Will ensure countries pay money pledged at COP28: Maldives ex-president Nasheed

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Mohamed Nasheed.jpg

Mohamed Nasheed (File Photo)

Dubai: Former Maldives president and Climate Vulnerable Forum Secretary-General Mohamed Nasheed on Monday said he will ensure that countries, including the US, the UAE and the European Union, actually deliver on the promises made at the Dubai climate conference to provide finance to climate-vulnerable nations.


The notable finance pledges made at COP28 include the US' commitment to contribute USD 3 billion to the Green Climate Fund and several nations, including the UAE, the EU, and the US, promising to pool over USD 400 million into the Loss and Damage Fund on the opening day of COP28, where countries clinched an early deal on how to compensate developing and poor nations that bear the brunt of the climate crisis despite contributing little to it.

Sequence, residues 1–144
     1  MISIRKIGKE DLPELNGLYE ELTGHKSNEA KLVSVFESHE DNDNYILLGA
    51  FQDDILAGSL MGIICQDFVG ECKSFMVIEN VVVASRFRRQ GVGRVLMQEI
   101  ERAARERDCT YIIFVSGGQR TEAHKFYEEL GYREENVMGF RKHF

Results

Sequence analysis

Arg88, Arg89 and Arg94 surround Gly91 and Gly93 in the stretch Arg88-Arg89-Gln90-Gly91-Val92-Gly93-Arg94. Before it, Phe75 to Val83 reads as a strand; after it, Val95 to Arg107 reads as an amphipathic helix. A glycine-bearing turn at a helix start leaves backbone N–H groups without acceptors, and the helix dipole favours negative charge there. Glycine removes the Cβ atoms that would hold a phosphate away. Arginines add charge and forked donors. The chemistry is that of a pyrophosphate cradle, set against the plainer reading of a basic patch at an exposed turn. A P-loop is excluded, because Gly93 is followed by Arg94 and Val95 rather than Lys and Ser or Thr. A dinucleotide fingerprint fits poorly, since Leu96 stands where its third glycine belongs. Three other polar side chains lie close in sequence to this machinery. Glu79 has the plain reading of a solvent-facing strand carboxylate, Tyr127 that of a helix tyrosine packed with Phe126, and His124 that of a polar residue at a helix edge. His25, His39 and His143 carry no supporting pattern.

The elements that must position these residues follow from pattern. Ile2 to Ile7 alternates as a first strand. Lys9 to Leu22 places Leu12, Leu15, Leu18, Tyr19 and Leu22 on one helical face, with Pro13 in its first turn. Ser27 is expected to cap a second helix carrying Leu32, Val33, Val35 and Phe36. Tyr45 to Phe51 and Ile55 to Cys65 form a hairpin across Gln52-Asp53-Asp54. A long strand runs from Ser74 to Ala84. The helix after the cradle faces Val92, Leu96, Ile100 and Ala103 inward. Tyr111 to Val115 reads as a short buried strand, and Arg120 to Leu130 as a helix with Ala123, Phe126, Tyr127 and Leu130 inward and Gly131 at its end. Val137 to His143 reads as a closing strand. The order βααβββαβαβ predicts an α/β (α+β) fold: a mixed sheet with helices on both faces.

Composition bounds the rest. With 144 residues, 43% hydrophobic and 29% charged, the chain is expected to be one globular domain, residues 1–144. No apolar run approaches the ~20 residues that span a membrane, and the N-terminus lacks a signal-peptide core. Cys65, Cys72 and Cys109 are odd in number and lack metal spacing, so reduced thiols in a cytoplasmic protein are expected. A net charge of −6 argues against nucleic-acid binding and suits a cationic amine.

"My job is to make sure that we get the money that they have pledged," Nasheed told PTI.

Regarding the G20 countries stating that USD 5.9 trillion is required by developing countries to meet Paris climate goals, he said: "We are stuck in trillions. So, I cannot see it going up to trillions."


Asked if the Loss and Damage Fund will be able to raise enough money to meet the demands of all poor and developing countries, he said: "No. They pledged USD 100 billion per year and failed to deliver. Even now, there's no intent." Nasheed mentioned that a deal on the operationalisation of the fund doesn't mean it will be up and running soon.

He also denounced the US contribution of USD 17.5 million to the Loss and Damage Fund, saying they could have not given anything, and even that would have been better.

"I think it's just like pointing out that we are not going to pay for the damage that we have not done," he said.

Nasheed, who served as the president of the Maldives from 2008 to 2012, also called for investors from countries like India to come and invest in projects that can deliver high employment, low inflation, and high economic growth in climate-vulnerable countries without wrecking the planet.

The CVF, a group of developing countries highly vulnerable to climate change, was founded in November 2009 in the Maldives’ capital of Male. The Forum now comprises 68 countries representing 1.74 billion people.